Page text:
“Fire on the Rails” continues where “Kansas City Out Groove” left off; packed with invention, unusual textures, hooks and memorable melodies. It’s out on in the UK on Friday January 24th on Mondegreen Records (MGR0120).

It’s the first album review of 2020 and we’re gently easing our way into the new decade. “Ohbahoy” (the title is taken from the name of Miles’ imaginary childhood friend) is an example of how to create a varied and very listenable album full of hooks without ever having to resort to vocal or instrumental pyrotechnics. The building blocks of this album are very simple hooks and riffs; the clever thing is the way the jigsaw is put together to create something that’s much more than the sum of the parts.

 

You won’t get very far into the album before realising that Miles has another useful songwriting talent; he knows how to take an influence and turn it into something that sounds vaguely familiar without sounding like a complete steal. And it’s not a criticism. I have a huge admiration for the musical magpies of the world; the people like Jeff Lynne and, more recently, Guy Chambers who recognise the tiny snippet that makes something work and morph it into their own compositions. The album’s opening song, “Hands Up”, is naggingly familiar, suggesting a distant relationship to Steve Miller’s “Abracadabra” (and Steve wasn’t above nicking a riff or two himself, “Rock ‘n’ Me” for starters). The trick with this game is to blend the influences into something completely new, which is exactly what Miles does. There are nods in the direction of many influences, Tom Petty (particularly in the uptempo rocker “Overpass”) and the Beatles jump out instantly, but there are undertones of The Cars, Steve Miller, ELO and probably many others.

There’s a lot to like about “Ohbahoy”. It’s a bunch of strong songs that’s interpreted by a band with enough talent and versatility to make four-part harmonies, twin guitar workouts and perfectly-judged horn parts sound like just another part of the day job. I have a sneaking suspicion that they might just be a bit tasty live as well.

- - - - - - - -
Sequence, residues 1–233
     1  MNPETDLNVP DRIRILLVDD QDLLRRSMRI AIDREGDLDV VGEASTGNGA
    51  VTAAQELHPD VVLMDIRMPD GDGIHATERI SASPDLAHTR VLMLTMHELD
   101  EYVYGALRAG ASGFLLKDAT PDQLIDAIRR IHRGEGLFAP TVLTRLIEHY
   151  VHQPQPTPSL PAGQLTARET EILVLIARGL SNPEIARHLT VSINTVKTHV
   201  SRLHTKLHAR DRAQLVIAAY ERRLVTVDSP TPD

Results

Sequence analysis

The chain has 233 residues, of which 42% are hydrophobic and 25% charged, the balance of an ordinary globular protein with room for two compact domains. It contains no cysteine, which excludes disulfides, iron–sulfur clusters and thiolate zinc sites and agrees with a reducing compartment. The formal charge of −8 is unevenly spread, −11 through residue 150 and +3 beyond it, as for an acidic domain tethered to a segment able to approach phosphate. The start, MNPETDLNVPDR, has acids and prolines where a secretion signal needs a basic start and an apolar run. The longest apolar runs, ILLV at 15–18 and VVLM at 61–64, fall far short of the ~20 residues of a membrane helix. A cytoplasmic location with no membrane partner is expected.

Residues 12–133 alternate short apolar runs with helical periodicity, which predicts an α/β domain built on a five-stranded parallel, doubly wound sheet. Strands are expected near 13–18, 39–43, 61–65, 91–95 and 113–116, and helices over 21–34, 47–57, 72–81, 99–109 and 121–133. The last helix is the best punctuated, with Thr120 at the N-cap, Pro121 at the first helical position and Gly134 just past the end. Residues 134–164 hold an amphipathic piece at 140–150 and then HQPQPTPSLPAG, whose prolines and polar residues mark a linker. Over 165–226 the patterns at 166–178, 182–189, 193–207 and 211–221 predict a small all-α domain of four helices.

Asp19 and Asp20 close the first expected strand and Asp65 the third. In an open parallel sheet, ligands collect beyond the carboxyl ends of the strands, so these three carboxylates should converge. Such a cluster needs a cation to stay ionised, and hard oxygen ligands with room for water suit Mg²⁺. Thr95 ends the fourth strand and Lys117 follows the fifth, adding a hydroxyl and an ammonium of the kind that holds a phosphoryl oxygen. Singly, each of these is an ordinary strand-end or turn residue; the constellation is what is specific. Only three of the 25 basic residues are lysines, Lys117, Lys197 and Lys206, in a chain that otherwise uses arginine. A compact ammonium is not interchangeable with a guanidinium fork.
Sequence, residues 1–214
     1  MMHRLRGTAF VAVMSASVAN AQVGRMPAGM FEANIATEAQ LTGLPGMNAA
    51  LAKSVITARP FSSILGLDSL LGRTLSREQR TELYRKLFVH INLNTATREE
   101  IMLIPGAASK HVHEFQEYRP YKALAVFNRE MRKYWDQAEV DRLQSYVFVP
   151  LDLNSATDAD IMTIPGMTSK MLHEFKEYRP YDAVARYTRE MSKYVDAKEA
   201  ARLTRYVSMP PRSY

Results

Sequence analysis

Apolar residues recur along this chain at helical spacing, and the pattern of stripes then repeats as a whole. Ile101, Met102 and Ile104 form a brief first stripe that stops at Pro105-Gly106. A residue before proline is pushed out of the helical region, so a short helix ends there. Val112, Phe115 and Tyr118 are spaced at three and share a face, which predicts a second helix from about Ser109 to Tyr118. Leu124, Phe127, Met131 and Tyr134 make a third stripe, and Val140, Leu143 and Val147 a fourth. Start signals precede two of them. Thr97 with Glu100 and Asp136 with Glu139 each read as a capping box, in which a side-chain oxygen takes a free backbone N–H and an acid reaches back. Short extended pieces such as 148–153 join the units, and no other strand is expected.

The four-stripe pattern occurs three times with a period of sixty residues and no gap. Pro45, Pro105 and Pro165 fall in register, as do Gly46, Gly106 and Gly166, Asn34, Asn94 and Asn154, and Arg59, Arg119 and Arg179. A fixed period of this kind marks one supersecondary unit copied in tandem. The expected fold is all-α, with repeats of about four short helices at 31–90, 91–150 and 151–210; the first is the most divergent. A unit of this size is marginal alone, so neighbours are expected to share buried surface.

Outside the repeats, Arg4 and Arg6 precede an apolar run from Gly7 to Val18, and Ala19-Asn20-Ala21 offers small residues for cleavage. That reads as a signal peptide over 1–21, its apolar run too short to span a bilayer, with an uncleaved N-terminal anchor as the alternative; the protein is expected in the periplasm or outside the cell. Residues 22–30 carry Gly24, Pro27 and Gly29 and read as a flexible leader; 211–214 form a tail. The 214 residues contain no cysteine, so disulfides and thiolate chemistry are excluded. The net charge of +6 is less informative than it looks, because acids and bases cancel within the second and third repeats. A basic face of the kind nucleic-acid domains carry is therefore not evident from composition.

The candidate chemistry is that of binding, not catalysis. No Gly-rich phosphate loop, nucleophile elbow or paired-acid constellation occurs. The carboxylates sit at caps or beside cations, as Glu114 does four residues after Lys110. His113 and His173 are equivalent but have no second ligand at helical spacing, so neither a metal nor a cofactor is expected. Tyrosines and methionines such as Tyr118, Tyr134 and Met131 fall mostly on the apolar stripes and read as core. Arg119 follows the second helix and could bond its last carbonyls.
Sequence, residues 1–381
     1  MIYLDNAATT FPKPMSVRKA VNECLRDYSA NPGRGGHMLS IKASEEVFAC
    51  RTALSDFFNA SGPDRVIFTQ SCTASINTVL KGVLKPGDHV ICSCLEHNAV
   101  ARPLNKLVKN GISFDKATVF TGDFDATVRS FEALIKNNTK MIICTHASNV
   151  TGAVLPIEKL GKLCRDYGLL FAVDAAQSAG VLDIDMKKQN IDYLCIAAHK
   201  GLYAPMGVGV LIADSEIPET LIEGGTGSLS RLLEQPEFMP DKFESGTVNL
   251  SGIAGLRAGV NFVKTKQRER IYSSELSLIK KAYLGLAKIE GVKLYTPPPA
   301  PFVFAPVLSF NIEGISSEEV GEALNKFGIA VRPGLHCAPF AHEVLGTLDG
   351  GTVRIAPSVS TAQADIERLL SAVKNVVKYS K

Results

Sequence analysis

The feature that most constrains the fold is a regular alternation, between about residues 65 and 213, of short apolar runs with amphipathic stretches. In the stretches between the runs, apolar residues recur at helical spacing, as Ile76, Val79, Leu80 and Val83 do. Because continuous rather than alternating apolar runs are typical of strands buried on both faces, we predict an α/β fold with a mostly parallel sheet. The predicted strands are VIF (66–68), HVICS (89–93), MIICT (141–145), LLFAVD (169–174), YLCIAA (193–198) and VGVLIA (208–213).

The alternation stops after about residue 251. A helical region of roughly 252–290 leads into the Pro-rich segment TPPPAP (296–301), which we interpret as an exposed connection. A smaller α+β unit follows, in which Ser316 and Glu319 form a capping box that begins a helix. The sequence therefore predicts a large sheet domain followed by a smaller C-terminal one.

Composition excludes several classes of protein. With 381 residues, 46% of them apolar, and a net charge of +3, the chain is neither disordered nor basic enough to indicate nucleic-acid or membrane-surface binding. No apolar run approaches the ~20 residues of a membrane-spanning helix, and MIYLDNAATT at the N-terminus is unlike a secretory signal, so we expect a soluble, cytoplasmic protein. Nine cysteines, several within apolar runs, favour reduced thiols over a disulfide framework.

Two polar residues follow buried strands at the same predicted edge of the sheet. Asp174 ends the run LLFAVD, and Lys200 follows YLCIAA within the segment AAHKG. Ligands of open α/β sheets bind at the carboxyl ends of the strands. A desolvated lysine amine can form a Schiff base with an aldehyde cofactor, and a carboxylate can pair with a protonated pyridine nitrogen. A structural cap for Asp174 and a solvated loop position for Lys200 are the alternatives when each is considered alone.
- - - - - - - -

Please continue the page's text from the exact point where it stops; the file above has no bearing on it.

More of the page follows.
“Ohbahoy” is out now in the UK.

Well, 2019 is certainly going out with a bang. In a period that’s normally characterised by back catalogue compilations and TV stars covering standards, the roots and Americana scene is still alive and kicking, particularly on Steve Dawson’s Black Hen label. “If Wishes Were Horses” is Alberta-based Matt Patershuk’s fourth album and it’s a very fine piece of work indeed. At first glance it appears to weigh in as a bit of a heavyweight with fifteen tracks, but it features four short instrumental fragments with the same leitmotif (more about that later), giving the album a fairly standard twelve-song running time.

Matt’s songs tend to simplicity on the surface, while tapping into universal truths about life, love, work and loss, but he likes to look at things through a different lens, lyrically and musically, creating a patchwork quality to the album, which is knitted together by the four short instrumental fragments (titled “Horses” and representing wishes). Each of these fragments weaves a different arrangement around a common melody; all are atmospheric with a cinematic quality using a variety of instruments and textures to create the links pulling the album together. “Horse 1 (For Bravery and Good Fortune)” is an interesting mix of Dick Dale and Ennio Morricone topped off with some very Sixties-sounding organ lines; the other wishes are equally enigmatic.

The album is packed with intriguing and memorable songs across a range of styles from old country to sweaty blues and it’s difficult to pick favourites, but let’s give it a try. The two songs telling stories of Ernest Tubb and Albert King (“Ernest Tubb had Fuzzy Slippers” and “Velvet Bulldozer”) are beautifully-drawn evocations of different stages in the musician’s journey. “Alberta Waltz” highlights the contrast between what people do to live and how they escape from it – ‘Dancing is for dreamers and lovers and fools’, while “Circus” describes a world where the everyday routine is grotesque and fantastical, but people still fall in love and get married. And let’s not forget “Let’s Give This Bottle A Black Eye”, which could only ever be a country song in the Merle Haggard vein.